It’s exciting that the country’s government is investing in the arts, though the gallery’s emphasis on the poor is certainly politically convenient. Céren’s Farabundo Martí National Liberation Front (FMLN) — a formerly militant leftist party — has a history of campaigning in the poverty-stricken, rural regions of El Salvador, where access to basic needs like clean water and sanitation is limited. It’s also worth noting that while thirty family members of civil war victims and eight human rights organizations were invited to the gallery’s opening, journalists were not (the president has already been criticized for his treatment of the press).
The average minister is worth over Rs. 13 crore, however, and at least 14 ministers have criminal cases against them.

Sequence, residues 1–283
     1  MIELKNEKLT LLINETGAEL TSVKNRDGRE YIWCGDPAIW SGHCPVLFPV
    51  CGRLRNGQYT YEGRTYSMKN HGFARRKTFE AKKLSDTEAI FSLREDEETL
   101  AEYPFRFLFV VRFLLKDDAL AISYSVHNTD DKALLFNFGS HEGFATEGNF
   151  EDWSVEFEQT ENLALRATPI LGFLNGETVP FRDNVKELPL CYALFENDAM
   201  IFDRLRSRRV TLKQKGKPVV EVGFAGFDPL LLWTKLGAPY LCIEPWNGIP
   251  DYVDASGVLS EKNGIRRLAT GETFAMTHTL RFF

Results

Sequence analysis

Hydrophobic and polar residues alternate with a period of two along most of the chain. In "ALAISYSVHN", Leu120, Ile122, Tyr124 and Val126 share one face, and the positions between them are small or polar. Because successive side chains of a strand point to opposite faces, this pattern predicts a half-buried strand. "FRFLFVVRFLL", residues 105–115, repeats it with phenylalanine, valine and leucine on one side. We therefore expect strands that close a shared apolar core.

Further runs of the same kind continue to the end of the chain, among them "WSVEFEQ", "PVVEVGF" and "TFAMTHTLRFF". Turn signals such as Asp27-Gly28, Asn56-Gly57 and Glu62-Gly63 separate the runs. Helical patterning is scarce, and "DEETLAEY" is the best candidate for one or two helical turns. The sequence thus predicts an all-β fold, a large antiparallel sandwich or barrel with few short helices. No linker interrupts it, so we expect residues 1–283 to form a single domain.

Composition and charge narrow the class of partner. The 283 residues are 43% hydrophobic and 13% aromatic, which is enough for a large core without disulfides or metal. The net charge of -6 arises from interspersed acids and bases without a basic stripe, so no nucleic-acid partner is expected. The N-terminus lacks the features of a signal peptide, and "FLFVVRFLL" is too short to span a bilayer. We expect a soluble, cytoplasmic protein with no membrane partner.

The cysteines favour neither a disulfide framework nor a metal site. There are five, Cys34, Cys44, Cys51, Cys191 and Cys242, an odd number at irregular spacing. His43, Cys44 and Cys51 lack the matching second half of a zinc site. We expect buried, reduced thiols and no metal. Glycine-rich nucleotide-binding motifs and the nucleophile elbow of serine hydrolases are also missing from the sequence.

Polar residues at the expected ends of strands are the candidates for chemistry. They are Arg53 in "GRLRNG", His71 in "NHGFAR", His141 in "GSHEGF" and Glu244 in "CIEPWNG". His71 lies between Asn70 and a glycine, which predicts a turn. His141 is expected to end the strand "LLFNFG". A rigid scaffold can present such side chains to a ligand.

Javadekar said there were issues related to the advertising code which those in the field should address. “Somebody applies a deodorant and all women come running, this is demeaning and not the way an advertisement should be,” he said. He said decency should be there as children also watch television. “I am not saying that the government is imposing anything but as I have said earlier the industry should evolve a code about what is decent and what is not decent,” he said.
“FOIA is a customer service,” the video’s trench-coated pseudo–Humphrey Bogart protagonist intones, perhaps by way of explaining why the video uses the concept of diners at a restaurant to act out the transaction that takes place between FOIA requesters and the government. “May I please be allowed into the record room?” a femme fatale in a veiled red hat interjects at one point. Later, the scene inexplicably transitions to a ship, replete with canned-water sound effects.